Theory Groups and the Study of Language in North America
A social history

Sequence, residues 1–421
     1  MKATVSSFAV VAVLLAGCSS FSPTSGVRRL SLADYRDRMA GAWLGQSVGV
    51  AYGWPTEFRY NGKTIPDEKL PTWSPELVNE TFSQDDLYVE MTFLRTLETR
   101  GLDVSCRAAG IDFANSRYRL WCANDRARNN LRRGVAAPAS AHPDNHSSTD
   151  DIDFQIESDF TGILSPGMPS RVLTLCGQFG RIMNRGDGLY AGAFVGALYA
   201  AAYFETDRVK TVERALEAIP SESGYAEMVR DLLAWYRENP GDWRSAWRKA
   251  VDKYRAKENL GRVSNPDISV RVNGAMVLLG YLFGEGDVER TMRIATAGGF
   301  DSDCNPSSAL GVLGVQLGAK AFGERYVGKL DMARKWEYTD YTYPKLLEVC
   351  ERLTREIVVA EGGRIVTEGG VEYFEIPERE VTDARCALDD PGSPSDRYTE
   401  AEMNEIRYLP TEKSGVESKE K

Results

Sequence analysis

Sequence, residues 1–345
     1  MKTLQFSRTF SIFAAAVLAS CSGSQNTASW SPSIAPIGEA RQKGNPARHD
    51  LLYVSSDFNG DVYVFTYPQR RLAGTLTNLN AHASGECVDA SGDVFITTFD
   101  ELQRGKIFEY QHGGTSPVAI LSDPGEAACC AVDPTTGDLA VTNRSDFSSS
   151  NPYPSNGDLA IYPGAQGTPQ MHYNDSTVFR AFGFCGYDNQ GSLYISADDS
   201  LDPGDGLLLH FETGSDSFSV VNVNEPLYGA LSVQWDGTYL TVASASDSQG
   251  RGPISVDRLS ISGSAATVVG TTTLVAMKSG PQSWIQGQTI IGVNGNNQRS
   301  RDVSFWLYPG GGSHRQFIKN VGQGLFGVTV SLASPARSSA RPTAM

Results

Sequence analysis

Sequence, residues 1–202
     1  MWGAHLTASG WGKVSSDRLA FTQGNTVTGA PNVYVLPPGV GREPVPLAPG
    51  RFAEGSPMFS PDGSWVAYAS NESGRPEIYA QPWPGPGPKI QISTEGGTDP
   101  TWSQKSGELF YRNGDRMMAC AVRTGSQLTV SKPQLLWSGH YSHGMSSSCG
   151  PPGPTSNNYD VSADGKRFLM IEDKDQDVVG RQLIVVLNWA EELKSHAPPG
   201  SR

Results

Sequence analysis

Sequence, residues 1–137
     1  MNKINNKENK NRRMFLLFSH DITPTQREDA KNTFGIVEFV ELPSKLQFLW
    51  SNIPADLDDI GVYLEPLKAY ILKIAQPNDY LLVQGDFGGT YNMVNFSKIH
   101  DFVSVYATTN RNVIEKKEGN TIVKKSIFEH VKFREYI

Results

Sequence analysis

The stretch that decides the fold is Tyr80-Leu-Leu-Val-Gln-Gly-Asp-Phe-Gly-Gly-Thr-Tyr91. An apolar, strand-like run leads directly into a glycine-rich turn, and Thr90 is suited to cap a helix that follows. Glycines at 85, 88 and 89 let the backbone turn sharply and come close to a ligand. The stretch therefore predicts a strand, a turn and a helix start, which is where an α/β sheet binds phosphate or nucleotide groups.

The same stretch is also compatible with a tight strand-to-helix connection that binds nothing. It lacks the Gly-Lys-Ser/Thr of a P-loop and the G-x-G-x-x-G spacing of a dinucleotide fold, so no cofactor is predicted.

Based on extensive archival research, interviews, and participant observation over the course of two decades, <i>Theory Groups in the Study of Language in North America</i> provides a detailed social history of traditions and “revolutionary” challenges to traditions within North American linguistics, especially within 20th-century anthropological linguistics. After showing substantial differences between Bloomfield's and neo-Bloomfieldian theorizing, Murray shows that early transformational-generative work on syntax grew out of neo-Bloomfieldian structuralism, and was promoted by neo-Bloomfieldian gatekeepers, in particular longtime <i>Language</i> editor Bernard Bloch. The central case studies of the book contrast the (increasingly) “revolutionary rhetoric” of transformational-generative grammarians with rhetorics of continuity emitted by two linguistic anthropology groupings that began simultaneously with TGG in the late-1950s, the ethnography of communication and ethnoscience.The history of linguistics in North America provides a continuum from isolated scholars to successful groups dominating entire disciplines. Although focused on groupings — both “invisible colleges” and readily visible institutions — Murray discusses those writing about language in society who were not participants in “theory groups” or “schools” both before and after the three central case studies. He provides a theory of social bases for claiming to be making “scientific revolution” in contrast to building on sound “traditions”, and suggests non-cognitive reasons for success in the often rhetorically violent contention of perspectives about language in North America during the last century and a half.<br />The book includes appendices explaining the methodology used, an extensive bibliography, and an index.